New Nationalism

New Nationalism Speech,
Theodore Roosevelt (1910)
We come here to-day to
commemorate … the long struggle
for the uplift of humanity. Our
country means nothing unless it
means the triumph of a real
democracy, an economic system
under which each man shall be
guaranteed the opportunity to show
the best that there is in him.
At every stage, and under all
circumstances, the essence of the
struggle is to equalize opportunity,
destroy privilege, and give to the life
and citizenship of every individual
the highest possible value both to
himself and to the commonwealth.
That is nothing new.
I stand for the square deal. But when
I say that I am for the square deal, I
mean not merely that I stand for fair
play under the present rules of the
game, but that I stand for having
those rules changed so as to work for
a more substantial equality of
Give him a chance… Help any man
who stumbles; if he lies down, it is a
poor job to try to carry him; but if he
is a worthy man, try your best to see
that he gets a chance to show the
worth that is in him. No man can be a
good citizen unless he has a wage
more than sufficient … and hours of
labor short enough...
Page 98
Now, this means that our
government, National and State,
must be freed from the sinister
influence or control of special
interests. … special business
interests too often control and
corrupt the men of government for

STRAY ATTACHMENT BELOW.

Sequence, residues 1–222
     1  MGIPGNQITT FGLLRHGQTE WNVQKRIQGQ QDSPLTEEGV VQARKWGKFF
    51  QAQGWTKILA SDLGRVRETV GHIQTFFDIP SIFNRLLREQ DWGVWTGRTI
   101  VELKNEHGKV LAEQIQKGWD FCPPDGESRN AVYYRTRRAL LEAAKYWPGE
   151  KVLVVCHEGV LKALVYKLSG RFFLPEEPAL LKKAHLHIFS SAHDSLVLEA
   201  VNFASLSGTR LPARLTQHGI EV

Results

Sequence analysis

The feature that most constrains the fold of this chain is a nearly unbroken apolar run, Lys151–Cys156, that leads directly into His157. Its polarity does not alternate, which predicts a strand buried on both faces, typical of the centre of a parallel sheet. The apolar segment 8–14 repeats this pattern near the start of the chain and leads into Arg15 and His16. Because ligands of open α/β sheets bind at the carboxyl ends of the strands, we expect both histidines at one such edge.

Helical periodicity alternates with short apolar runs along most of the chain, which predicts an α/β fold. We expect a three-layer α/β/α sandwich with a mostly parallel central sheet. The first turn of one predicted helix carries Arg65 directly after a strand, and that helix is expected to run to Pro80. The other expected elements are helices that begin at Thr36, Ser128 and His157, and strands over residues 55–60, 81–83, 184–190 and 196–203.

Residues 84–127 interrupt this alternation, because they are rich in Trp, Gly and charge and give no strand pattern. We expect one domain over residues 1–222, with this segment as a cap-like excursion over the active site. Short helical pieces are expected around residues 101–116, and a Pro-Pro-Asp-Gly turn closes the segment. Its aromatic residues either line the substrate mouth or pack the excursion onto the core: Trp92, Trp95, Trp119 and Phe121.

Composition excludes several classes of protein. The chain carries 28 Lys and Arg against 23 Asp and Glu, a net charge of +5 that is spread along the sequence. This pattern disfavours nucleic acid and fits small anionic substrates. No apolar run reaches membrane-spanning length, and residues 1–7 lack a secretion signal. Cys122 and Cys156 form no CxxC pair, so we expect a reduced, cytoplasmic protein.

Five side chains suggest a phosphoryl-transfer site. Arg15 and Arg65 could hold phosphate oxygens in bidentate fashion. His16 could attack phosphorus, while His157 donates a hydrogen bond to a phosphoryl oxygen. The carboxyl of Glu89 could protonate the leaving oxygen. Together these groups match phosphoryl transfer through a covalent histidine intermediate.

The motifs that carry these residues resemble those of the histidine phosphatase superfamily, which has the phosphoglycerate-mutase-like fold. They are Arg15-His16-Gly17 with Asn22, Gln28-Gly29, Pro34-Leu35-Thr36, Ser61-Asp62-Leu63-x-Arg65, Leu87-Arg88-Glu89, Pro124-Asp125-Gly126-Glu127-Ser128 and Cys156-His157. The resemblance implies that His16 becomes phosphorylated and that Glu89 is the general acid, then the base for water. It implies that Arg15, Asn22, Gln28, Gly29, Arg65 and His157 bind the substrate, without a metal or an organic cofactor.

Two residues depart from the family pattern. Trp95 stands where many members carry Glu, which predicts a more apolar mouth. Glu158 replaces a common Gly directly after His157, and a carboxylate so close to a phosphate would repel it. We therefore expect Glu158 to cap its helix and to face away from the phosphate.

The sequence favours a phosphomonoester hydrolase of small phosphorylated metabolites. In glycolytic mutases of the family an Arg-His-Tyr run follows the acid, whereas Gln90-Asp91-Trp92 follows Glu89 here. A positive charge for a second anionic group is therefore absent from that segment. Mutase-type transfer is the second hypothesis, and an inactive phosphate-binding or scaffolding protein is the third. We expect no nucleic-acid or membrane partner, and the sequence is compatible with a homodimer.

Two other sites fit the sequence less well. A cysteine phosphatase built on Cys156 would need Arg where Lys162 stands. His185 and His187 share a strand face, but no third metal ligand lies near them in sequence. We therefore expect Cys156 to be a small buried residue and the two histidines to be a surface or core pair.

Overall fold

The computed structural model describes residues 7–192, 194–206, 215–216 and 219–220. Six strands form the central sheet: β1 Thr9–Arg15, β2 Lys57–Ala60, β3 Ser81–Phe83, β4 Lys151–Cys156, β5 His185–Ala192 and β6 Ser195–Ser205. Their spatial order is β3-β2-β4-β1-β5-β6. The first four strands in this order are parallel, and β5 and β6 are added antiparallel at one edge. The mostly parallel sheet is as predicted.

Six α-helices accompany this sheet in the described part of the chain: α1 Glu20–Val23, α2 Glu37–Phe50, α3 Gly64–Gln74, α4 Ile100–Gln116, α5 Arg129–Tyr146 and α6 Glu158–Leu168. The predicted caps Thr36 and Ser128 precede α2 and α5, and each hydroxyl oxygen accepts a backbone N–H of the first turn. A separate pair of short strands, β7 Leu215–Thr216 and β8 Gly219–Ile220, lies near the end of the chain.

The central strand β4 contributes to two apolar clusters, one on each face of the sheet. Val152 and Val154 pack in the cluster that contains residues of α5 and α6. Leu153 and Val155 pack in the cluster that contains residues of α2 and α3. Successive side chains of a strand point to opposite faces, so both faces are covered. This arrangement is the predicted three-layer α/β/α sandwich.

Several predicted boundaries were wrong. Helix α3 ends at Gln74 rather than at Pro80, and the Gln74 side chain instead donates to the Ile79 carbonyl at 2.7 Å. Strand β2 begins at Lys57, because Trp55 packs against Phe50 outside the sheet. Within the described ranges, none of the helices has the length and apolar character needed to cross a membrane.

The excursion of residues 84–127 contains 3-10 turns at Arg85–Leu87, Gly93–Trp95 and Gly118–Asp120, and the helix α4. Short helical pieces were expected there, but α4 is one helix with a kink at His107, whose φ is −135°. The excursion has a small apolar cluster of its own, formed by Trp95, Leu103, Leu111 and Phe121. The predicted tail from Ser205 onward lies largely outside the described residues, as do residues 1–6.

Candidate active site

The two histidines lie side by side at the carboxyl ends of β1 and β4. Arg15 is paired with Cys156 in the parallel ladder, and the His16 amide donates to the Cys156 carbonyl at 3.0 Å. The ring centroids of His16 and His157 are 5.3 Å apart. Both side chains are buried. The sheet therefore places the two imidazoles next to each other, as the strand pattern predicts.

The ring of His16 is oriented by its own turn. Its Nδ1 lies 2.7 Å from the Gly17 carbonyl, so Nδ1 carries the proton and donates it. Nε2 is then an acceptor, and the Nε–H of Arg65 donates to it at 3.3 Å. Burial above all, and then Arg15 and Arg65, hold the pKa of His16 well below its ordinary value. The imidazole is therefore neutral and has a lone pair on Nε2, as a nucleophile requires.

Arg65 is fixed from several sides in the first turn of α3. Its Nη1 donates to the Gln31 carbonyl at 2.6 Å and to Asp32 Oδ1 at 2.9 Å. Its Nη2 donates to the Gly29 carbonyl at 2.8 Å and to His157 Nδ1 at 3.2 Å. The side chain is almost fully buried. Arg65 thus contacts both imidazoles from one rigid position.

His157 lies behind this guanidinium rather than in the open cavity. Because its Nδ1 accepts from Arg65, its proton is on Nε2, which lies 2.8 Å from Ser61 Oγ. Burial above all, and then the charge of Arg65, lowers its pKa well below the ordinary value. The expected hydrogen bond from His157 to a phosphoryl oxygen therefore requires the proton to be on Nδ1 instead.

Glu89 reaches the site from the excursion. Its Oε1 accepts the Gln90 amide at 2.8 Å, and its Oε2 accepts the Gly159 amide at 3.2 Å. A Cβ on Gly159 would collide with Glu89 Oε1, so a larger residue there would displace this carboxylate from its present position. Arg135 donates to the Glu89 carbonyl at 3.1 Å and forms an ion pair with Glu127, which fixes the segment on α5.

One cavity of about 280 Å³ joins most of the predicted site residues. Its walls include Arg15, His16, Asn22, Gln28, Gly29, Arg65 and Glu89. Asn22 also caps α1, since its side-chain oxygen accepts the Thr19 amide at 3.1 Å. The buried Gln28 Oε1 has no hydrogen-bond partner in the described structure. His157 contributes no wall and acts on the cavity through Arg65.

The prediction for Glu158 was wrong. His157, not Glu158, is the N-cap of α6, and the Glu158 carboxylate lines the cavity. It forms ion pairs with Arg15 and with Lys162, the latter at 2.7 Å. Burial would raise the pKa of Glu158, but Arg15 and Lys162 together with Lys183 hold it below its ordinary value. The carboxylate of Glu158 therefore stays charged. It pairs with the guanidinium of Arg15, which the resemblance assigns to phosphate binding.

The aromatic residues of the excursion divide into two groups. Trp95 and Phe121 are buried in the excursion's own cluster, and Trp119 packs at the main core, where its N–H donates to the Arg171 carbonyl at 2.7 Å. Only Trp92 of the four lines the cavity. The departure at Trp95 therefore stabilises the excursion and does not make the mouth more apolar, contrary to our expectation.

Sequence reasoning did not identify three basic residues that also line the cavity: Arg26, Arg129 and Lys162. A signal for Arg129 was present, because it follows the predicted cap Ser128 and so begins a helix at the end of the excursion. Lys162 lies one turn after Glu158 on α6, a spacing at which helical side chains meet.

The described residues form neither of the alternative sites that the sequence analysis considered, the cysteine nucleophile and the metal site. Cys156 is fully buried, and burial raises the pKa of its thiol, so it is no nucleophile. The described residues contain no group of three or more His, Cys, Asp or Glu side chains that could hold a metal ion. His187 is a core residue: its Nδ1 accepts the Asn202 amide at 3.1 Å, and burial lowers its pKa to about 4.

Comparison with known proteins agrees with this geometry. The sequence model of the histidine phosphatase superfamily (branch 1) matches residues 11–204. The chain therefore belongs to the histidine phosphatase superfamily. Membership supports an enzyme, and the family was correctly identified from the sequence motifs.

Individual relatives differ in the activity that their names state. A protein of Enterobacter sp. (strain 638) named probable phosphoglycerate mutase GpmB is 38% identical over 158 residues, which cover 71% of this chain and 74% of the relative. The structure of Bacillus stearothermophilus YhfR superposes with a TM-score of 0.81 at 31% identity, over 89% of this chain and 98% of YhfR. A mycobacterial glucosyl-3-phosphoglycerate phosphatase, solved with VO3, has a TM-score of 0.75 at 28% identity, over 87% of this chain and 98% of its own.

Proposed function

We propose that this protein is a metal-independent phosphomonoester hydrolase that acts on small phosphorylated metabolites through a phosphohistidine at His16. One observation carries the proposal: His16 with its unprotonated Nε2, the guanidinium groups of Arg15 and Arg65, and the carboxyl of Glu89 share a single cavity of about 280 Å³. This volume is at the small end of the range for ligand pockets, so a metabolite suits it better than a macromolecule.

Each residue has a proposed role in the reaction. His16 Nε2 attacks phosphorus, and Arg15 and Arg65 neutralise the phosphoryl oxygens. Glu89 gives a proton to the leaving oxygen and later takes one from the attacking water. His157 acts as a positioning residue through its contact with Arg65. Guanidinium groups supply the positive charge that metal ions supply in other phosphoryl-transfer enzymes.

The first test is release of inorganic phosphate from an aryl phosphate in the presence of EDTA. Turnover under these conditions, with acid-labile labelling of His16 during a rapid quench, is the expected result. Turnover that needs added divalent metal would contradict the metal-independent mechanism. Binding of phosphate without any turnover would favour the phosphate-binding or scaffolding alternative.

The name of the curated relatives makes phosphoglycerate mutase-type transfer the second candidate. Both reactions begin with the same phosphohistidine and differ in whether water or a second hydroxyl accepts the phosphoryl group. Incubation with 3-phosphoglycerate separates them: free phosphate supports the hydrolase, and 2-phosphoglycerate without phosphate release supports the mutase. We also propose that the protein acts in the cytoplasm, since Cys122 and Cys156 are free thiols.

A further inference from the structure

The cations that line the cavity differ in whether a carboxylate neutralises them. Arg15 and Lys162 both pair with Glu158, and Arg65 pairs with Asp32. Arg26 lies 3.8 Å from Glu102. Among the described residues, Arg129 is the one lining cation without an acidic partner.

profit. We must drive the special
interests out of politics. That is one
of our tasks to-day.
The American people are right in
demanding that New Nationalism to
deal with new problems. The New
Nationalism puts the national need
before sectional or personal
advantage. This New Nationalism
regards the executive power as the
steward of the public welfare. It
demands of the judiciary that it shall
be interested primarily in human
welfare rather than in property, the
representative body shall represent
all the people rather than any one
class or section of the people.
The object of government is the
welfare of the people. The progress
and prosperity of a nation are
desirable so long as they lead to the
moral and material welfare of all
good citizens… The prime problem
of our nation is to get the right type
of good citizenship, and, to get it, we
must have progress, and our public
men must be genuinely progressive.